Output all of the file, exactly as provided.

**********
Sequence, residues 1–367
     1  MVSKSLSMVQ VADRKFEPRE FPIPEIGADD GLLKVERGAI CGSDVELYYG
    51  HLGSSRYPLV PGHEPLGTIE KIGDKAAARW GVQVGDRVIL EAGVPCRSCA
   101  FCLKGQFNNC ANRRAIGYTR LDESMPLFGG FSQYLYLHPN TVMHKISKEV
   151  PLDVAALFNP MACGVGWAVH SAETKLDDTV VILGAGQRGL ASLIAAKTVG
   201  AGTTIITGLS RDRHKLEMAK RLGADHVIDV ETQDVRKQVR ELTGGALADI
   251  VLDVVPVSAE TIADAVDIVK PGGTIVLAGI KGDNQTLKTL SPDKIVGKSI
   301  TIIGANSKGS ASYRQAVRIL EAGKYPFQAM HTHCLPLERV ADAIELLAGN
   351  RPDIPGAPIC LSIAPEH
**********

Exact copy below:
Sequence, residues 1–367
     1  MVSKSLSMVQ VADRKFEPRE FPIPEIGADD GLLKVERGAI CGSDVELYYG
    51  HLGSSRYPLV PGHEPLGTIE KIGDKAAARW GVQVGDRVIL EAGVPCRSCA
   101  FCLKGQFNNC ANRRAIGYTR LDESMPLFGG FSQYLYLHPN TVMHKISKEV
   151  PLDVAALFNP MACGVGWAVH SAETKLDDTV VILGAGQRGL ASLIAAKTVG
   201  AGTTIITGLS RDRHKLEMAK RLGADHVIDV ETQDVRKQVR ELTGGALADI
   251  VLDVVPVSAE TIADAVDIVK PGGTIVLAGI KGDNQTLKTL SPDKIVGKSI
   301  TIIGANSKGS ASYRQAVRIL EAGKYPFQAM HTHCLPLERV ADAIELLAGN
   351  RPDIPGAPIC LSIAPEH